Let’s imagine for a moment that we are on the bus, returning from work, in the company of a colleague of ours when, all of a sudden, the bus stops in the middle of the road. After several unsuccessful attempts, the driver warns the passengers. Nothing to do, the vehicle is broken, you have to wait for the next bus. We are both tired, we’ve been working all day and can’t wait to go home. We react with nervousness, we begin to think that they all happen to us, to complain and write a long text message like the shopping list in which we list our partner all the misfortunes of the day to warn her of our delay. On the other hand he, our colleague, who bursts into laughter, calls his partner to warn her of the delay and tells her, amused the episode. We look at it as an alien. How does he react like that? Surely, we think, he has an easier life than ours. Or maybe not, maybe he sees the glass half full!
The metaphor of the glass half full or half empty describes a global attitude towards life which, in general, is characterized by the prevalence of negativity over positivity (or vice versa) and which affects the levels of well-being, happiness, and personal satisfaction.
Those who see the glass always half empty tend to focus on the negative aspects of situations, to focus attention on what is missing rather than on what is there, and to think or fantasize, more or less consciously, the existence of an ideal world and perfect in which others lead a more satisfying, happier, more serene life. Simply a life with something extra that cannot be accessed due to force majeure. This translates into the tendency to react to unforeseen events and difficulties with negative emotions that are disproportionate to the extent of the obstacle on which, inevitably, we run into in everyday life, to complain about our condition and for everything that deviates. from one’s expectations, to regret a better past that will never come back and/or to live in anticipation of a later when things will settle down, then regularly marred by something that is not going the right way. What does not change is the profound basic dissatisfaction that permeates the present and that tends to persist even when there is nothing around us that can justify it.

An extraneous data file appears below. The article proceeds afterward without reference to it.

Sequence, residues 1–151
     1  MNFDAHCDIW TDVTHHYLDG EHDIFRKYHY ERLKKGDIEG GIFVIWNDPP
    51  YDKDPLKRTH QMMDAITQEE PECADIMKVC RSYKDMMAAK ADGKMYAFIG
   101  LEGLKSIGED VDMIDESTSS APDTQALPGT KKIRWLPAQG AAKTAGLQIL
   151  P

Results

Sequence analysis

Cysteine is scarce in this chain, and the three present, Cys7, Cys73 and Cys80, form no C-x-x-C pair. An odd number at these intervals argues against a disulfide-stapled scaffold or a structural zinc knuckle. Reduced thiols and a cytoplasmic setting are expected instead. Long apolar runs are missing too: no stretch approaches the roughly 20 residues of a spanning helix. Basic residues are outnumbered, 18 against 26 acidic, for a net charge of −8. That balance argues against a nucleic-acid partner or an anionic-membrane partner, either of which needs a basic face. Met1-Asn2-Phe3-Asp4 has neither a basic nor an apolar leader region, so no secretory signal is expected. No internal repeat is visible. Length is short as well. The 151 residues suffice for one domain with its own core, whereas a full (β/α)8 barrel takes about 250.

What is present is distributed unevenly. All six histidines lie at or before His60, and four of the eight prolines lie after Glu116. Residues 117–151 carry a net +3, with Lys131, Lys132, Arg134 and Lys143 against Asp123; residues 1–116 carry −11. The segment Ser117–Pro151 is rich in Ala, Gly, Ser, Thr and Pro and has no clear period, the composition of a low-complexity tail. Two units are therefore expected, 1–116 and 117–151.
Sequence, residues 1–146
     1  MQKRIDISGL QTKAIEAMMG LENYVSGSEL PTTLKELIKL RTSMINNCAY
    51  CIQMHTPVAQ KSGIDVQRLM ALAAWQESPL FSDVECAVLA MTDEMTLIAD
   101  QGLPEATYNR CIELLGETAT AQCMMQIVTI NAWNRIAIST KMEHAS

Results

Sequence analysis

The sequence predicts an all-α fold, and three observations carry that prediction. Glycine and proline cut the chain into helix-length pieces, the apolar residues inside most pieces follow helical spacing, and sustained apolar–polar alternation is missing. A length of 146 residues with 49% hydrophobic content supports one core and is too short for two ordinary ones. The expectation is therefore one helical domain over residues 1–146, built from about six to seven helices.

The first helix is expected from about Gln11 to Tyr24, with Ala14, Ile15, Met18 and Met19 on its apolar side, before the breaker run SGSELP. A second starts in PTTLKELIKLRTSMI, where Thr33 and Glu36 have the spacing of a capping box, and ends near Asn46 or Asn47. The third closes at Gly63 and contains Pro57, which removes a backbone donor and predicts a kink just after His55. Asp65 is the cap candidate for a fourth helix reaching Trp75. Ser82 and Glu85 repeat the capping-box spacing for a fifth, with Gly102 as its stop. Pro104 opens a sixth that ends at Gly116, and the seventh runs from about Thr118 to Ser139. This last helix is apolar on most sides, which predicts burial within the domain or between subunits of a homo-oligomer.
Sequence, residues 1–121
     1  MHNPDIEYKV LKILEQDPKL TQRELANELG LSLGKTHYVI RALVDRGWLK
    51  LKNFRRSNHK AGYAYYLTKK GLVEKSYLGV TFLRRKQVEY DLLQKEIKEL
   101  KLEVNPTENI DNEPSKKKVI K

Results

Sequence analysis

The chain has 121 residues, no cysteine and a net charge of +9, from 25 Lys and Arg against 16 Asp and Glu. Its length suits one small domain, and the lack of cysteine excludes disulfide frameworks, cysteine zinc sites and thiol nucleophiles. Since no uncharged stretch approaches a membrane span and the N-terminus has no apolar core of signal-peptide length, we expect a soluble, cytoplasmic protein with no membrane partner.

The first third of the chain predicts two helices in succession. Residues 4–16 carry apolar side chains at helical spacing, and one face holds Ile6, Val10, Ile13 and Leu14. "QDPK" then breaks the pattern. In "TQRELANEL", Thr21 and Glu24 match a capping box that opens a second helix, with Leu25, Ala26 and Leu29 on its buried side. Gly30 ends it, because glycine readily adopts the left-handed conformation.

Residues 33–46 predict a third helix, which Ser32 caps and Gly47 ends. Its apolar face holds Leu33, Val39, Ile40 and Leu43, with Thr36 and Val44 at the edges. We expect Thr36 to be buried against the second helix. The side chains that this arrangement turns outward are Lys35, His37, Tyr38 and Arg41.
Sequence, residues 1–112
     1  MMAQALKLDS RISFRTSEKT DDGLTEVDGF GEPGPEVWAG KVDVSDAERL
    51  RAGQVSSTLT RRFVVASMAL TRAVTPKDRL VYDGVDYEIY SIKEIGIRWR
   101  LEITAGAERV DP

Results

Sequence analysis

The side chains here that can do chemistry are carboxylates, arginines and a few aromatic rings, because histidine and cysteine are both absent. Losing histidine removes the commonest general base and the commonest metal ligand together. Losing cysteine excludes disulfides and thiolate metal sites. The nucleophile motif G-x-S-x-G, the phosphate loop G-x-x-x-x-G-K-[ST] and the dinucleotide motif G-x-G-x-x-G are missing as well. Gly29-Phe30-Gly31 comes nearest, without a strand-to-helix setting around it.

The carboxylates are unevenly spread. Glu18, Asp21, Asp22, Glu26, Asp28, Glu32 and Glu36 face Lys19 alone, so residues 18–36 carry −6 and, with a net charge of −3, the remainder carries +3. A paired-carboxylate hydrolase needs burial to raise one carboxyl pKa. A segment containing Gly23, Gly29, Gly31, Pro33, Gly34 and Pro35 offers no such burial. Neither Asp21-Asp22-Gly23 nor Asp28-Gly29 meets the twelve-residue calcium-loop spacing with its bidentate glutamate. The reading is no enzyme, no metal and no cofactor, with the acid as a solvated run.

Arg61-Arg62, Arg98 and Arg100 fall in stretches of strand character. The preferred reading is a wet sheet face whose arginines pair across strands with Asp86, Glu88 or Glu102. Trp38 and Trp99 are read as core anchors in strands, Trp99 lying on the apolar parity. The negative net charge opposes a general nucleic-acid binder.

Typically, this state of mind derives from irrational pathogenic beliefs that are formed in childhood in an attempt to cope with traumatic relational experiences in which we thought that being happier, satisfied, serene, and fulfilled than someone important to us was a danger, and it is supported by (unconscious) identifications with permanently unhappy, depressed, dissatisfied and/or pessimistic reference figures.
Contacting a psychologist can help you understand why you, unlike that colleague, always see the glass half empty and why, no matter how hard you try, you never manage to fill it.